The past decade has seen a growing focus on global platforms seeking to move the needle on building efficiency through subnational action, national action and international partnerships. Despite the efforts of these global platforms and partnerships to date, the lack of a high-profile global political dialogue on building efficiency has stalled political backing at the national and international level. Building efficiency is one of the most effective near-term opportunities for achieving national and international climate and energy goals and the time has never been better – or more critical – for spurring a global building efficiency movement.
World Resources Institute and the Alliance to Save Energy convened more than 40 global government, industry and NGO building efficiency leaders in May 2018, at the EE Global Forumin Copenhagen, to kick off a discussion on how best to create an effective global building efficiency movement. The roundtable discussed measures of success, the attributes of successful movements, ways to link national-subnational action to create a strong political agenda, and opportunities to leverage the capabilities and relationships of existing global platforms and partnerships. Building on the conclusions from this discussion, which are outlined below, the partners are planning a follow-up discussion in September.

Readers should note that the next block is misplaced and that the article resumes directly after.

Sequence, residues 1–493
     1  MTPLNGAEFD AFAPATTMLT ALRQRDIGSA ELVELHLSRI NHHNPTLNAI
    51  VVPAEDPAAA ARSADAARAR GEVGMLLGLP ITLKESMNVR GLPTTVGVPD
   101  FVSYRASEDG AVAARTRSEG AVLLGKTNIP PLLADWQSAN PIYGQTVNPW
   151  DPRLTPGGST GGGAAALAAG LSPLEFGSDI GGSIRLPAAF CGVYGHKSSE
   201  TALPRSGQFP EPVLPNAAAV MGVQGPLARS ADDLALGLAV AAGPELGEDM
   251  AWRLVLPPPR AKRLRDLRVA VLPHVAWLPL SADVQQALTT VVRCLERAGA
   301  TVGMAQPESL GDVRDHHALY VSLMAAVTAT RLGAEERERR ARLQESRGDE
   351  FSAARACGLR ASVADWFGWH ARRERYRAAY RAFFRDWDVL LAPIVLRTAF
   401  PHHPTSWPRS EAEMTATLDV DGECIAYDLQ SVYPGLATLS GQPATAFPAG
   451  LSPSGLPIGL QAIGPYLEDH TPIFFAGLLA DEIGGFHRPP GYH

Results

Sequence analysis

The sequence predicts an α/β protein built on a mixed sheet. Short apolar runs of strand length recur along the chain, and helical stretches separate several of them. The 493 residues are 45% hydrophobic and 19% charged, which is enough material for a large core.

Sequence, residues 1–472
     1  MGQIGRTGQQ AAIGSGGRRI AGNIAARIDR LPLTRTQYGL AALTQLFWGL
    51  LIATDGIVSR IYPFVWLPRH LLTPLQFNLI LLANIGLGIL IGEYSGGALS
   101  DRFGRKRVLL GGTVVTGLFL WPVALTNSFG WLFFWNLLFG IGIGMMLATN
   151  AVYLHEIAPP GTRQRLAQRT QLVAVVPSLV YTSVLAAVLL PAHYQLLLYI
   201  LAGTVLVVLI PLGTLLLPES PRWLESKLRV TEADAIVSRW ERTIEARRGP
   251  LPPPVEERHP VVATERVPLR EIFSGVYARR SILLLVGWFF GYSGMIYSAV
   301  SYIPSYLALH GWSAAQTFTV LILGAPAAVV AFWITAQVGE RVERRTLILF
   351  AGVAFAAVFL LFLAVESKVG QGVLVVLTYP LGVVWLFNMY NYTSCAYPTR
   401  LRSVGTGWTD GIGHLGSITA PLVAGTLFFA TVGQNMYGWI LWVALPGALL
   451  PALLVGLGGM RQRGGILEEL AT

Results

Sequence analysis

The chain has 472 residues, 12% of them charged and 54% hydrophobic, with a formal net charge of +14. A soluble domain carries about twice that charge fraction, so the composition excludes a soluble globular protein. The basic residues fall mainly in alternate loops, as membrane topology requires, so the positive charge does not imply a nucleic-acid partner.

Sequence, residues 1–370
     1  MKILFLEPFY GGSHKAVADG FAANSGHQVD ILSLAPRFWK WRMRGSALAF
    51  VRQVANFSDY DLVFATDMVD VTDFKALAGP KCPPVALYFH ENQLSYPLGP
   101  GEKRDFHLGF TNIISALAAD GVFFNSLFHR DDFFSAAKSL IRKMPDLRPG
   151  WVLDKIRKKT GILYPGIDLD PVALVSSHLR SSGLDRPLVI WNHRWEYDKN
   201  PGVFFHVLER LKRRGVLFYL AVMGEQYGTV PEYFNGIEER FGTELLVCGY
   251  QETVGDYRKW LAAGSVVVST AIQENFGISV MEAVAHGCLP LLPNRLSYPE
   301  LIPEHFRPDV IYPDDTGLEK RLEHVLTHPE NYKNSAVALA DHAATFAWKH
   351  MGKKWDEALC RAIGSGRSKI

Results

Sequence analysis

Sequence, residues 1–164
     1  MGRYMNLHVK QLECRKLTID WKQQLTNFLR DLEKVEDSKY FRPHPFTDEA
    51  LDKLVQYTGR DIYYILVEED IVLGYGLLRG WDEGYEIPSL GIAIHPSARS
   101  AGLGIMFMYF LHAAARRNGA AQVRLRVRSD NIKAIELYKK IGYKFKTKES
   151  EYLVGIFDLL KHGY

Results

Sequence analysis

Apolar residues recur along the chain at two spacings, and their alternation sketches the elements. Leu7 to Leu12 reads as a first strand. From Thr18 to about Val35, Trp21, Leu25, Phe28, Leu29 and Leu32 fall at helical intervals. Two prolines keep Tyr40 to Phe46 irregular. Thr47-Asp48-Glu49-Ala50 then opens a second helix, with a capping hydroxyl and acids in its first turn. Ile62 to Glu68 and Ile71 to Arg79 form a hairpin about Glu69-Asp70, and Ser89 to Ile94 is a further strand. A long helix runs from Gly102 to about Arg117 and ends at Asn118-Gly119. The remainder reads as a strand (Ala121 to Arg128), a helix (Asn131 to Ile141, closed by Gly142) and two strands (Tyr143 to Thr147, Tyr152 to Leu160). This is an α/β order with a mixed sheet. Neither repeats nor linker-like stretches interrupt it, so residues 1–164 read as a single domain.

Measures of Success
To start the discussion, each participant was asked to define one measure of success – ten years from now – for a building efficiency movement. The participants’ responses covered the entire range of building efficiency benefits including reduced energy use, improved health and wellness, increased productivity, increased real estate values, long-term sustainability, greater resilience and de-carbonization. Other measures of success focused on actions, including increased building audits and retrofits, net zero new construction, life-cycle design optimization, availability of financing, low income programs, student education, and implementation of building codes and equipment standards. Finally, several participants suggested indicators linked to people, including improved public understanding of the link between energy efficiency and climate change, continuous engagement by decision makers, and having energy efficiency be as high-profile in the public mind as renewables and as cool as a Tesla.